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Is Complexity the New Normal for Data Management?

Earlier this month, Waters Magazine spoke to a number of financial services firms for a feature on the arrival of MiFID II. The Regulation, which comes into force next year, imposes new regulatory reporting requirements on financial firms around trades and transactions, and is intended to beef up protection for investors.

Waters’ findings were unequivocal: buy-side organizations are struggling to digest what is a highly complex piece of legislation. And it’s not just the complexity of the legislation that’s at issue: MiFID II will likely bring about a significant increase in the size and volume of datasets firms must manage and share. The Regulation demands of buy-side firms a step up in their compliance processes and systems; one that many will find challenging.

From RIMES perspective, however, MiFID II is symptomatic of a much wider issue. In addition to the stipulations of MiFID II, buy-side firms are facing a barrage of additional regulations that are going to greatly affect how they manage data within their firms, and how they run their compliance functions. These regulations include, but are not limited to:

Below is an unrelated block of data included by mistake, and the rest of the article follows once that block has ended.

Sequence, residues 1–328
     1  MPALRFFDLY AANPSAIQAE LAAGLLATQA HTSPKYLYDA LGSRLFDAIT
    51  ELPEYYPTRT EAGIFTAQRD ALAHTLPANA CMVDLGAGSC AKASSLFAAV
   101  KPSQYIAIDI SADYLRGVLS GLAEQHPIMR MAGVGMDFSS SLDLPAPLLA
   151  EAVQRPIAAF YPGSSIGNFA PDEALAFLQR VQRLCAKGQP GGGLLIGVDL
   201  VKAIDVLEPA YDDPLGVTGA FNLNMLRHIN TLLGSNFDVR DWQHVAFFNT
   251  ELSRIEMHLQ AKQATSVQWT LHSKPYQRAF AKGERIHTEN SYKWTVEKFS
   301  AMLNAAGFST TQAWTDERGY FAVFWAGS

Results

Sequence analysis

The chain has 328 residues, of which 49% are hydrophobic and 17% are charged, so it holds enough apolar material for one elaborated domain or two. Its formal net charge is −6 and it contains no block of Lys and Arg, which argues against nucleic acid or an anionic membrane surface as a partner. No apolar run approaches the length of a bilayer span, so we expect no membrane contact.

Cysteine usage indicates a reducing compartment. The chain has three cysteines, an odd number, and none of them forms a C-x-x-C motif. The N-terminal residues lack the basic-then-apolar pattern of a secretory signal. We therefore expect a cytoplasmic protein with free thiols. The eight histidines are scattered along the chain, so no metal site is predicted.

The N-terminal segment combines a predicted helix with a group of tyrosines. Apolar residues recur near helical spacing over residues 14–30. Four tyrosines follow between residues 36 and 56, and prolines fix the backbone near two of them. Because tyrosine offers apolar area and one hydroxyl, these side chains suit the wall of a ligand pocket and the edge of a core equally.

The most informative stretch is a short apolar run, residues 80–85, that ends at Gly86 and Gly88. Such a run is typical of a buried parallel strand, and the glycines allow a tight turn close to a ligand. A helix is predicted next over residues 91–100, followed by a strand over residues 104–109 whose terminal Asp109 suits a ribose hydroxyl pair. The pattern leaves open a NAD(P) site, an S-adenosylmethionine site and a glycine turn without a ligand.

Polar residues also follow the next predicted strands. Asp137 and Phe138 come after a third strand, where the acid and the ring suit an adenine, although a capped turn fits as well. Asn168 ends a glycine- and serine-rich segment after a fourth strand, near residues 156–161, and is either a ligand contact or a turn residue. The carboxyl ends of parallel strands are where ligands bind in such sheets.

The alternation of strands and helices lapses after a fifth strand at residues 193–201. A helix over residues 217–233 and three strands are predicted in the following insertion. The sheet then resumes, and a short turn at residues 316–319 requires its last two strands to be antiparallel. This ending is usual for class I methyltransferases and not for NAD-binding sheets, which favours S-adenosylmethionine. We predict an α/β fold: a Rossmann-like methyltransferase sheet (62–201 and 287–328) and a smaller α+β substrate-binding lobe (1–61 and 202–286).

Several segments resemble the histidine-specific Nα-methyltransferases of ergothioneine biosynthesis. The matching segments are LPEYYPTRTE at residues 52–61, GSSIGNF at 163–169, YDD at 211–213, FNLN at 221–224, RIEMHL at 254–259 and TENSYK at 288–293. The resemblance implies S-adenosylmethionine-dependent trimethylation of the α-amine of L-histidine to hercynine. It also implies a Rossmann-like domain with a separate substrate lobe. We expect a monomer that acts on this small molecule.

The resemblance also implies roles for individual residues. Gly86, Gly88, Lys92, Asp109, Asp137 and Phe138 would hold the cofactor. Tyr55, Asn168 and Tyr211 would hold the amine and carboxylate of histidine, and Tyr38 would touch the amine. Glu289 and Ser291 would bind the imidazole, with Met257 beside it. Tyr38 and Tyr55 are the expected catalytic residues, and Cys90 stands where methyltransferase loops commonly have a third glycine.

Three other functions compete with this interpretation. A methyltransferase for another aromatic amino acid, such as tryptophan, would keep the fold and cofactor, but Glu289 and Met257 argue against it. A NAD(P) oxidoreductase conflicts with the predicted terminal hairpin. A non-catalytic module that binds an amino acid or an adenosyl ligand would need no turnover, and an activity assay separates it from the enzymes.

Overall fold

• MAR II, which demands buy-side firms up their market surveillance and reporting capabilities;
  • Solvency II, which requires insurers to be able to gather a unified view of asset data across multiple managers, firms and vendors;
  • and the EU Benchmarks Regulation, which while mostly aimed at benchmark administrators is adding cost and complexity to buy-side data management.

Combined with MiFID II, these regulations are creating a new normal for the buy-side: one marked by high-complexity, confusion and cost. Moreover, with investor faith in the proper function of financial markets of paramount importance to our entire economic system, it’s likely the regulatory burdens imposed on buy-side firms are only going to increase over time.

RIMES’ advice to firms is to take a long-term approach to data management and compliance. In an environment where new regulations are emerging with such regularity, in-house data management and compliance solutions are increasingly less suitable. The in-house model demands firms’ IT teams react to the ever-shifting regulatory landscape and constantly rework their data systems to ensure compliance. This is like trying to plug holes in a boat that keeps springing new leaks, when what’s really required is a completely new hull.

At RIMES, we believe that the time is now right for buy-side firms to abandon in-house compliance and data management systems in favor of managed services taken from cloud providers. Managed data and compliance services are up-to-date by default: firms need only activate the subscription to immediately achieve regulatory compliance and simplify their data management. This allows them to concentrate on managing assets rather than managing data. Moreover, as managed data services remove the need for large capital expenditure on IT projects, the total cost of ownership is significantly lower than with the in-house model.

Therefore, the complexity of today’s regulatory regime need only be a challenge if buy-side firms allow it to be. The emergence of the cloud and managed data services means that data management and compliance can, in fact, be easier than ever.

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